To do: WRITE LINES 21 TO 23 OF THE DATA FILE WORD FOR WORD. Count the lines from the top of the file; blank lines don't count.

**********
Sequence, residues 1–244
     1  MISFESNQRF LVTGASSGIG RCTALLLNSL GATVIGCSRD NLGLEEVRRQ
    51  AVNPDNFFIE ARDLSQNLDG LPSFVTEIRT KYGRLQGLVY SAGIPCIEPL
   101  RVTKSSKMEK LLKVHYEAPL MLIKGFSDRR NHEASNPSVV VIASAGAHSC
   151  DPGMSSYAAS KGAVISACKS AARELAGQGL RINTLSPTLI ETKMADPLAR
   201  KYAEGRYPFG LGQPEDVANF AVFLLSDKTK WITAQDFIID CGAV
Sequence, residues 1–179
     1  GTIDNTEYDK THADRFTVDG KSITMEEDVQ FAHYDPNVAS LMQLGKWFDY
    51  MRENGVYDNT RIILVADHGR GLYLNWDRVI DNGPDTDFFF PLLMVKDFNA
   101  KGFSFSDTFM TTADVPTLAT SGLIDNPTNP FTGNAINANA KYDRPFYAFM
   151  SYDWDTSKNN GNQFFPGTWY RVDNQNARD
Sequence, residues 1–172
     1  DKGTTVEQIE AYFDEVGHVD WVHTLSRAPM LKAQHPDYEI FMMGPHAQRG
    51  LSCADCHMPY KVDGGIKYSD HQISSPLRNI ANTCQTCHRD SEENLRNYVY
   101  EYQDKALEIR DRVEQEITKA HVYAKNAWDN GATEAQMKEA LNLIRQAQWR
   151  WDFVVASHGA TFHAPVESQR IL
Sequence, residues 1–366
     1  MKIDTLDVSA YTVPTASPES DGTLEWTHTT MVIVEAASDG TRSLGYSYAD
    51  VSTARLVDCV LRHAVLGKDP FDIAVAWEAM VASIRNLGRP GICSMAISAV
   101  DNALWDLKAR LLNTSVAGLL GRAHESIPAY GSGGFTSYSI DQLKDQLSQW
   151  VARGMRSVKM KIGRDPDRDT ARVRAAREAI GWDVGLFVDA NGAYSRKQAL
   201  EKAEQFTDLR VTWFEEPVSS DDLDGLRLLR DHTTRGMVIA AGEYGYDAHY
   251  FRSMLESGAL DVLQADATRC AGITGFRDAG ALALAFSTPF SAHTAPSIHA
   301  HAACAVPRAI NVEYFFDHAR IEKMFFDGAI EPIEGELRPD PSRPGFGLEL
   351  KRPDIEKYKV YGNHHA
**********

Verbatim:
   151  VARGMRSVKM KIGRDPDRDT ARVRAAREAI GWDVGLFVDA NGAYSRKQAL
   201  EKAEQFTDLR VTWFEEPVSS DDLDGLRLLR DHTTRGMVIA AGEYGYDAHY
   251  FRSMLESGAL DVLQADATRC AGITGFRDAG ALALAFSTPF SAHTAPSIHA